Honda is going straight LA on getting California DMV approval to start testing its self-driving car. Fashionably late to an ever increasing pool of companies to tackle hands-free driving.
Google has already logged 1.8 million miles in its testing while Lexus, Audi, VW, Mercedes and Nissan have had CA DMV approval for some time now. I’m not sure this is a party you want to be late on Honda, but we are inching close to the day of autonomous cars.
It could be a case of waiting to get approval until the company was ready to hit the ground running. Last summer, it showed off a prototype Acura RLX complete with all the features and sensors a self-driving car requires.
The display was impressive, but the company has been radio silent on its plans until now. Get ready CA streets, another driverless car is coming to a road near you.
Automatic Braking Pledge
Self-driving cars won’t be a sudden leap. Instead, expect a series of features that eventually lead to the giant step of autonomous cars. On Friday, ten automakers pledged to put automatic braking systems on all their new cars.
The system uses onboard sensors to detect objects in a car’s path and automatically apply the brakes. No, this is not something you test in your driveway. You still have to pay attention and put your phone down while driving.
Who are the ten? Audi, BMW, Ford, General Motors, Mazda, Mercedes-Benz, Tesla, Toyota, Volkswagen and Volvo made the pledge to the National Highway Safety Administration (NHTSA). In addition to the NHTSA, the automakers also made the same pledge to the Insurance Institute for Auto Safety (IIAS).
I wonder if switching to automatic braking systems will save me 15%?
The pledge isn’t without criticism. Consumer groups have pounced on the promise, saying it does not go far enough. Groups like the Center for Auto Safety want federal mandates for the braking systems over promises from automakers.
There is also the concern that most automatic braking systems are only available on luxury cars, putting it out of reach of the normal consumer.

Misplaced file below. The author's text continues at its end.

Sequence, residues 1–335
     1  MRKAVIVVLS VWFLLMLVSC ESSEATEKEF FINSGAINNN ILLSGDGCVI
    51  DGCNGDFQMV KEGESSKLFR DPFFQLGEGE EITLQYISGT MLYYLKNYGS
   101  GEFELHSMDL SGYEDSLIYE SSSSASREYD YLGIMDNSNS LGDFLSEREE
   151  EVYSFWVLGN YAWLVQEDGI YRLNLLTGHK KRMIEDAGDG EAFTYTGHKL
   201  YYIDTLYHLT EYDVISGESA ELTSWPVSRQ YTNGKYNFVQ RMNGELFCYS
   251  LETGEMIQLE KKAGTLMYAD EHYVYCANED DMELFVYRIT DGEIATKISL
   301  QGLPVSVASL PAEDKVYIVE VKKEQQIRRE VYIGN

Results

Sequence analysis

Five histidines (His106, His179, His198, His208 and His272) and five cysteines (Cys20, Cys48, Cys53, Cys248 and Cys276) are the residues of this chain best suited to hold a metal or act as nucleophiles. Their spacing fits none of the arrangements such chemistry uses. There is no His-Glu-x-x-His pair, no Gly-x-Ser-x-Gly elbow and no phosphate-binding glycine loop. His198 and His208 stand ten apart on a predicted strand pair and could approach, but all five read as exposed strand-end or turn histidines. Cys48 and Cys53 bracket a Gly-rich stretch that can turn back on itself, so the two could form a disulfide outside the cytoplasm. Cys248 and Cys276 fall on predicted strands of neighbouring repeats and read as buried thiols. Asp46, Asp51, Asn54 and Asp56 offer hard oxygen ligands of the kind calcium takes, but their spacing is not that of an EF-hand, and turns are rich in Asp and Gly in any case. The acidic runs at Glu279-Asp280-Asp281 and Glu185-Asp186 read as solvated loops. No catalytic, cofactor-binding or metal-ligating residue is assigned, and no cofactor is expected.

According to the AP, if the automatic braking systems become an industry standard, it “could prevent or mitigate an estimated 80 percent of the auto and commercial truck rear-end collisions that cause about 1,700 deaths and a half million injuries annually, according to a recent report by the National Transportation Safety Board.”
Those numbers make it hard to argue against a federal mandate. Yes, the word regulation typically creates a kneejerk reaction of the ‘big government telling us what to do.’ True, but seatbelts are a federal mandate. Any takers on complaining about the seatbelt rule? I didn’t think so.
Honda’s approval means the company can take to the road outside of the closed tracks and begin testing in real-world conditions. The company can move to CA state roads and join the ranks of other automakers rushing to make cars safer first, and eventually driving themselves.
I prefer the self-driving car over the flying car. Can you imagine your neighbor flying his car down your neighborhood? Let’s keep folks grounded. It’s bad enough we text and drive.
We can just let the automaker take the wheel and get us where we are going. I want a memory foam mattress in my self-driving Honda. Make it an extension of my bedroom and my laziness will be complete.
Sound off in the comments. Are self-driving cars the way of the future? Or, are we looking at a ton of safety features, but in the end we still have to sit behind the wheel?
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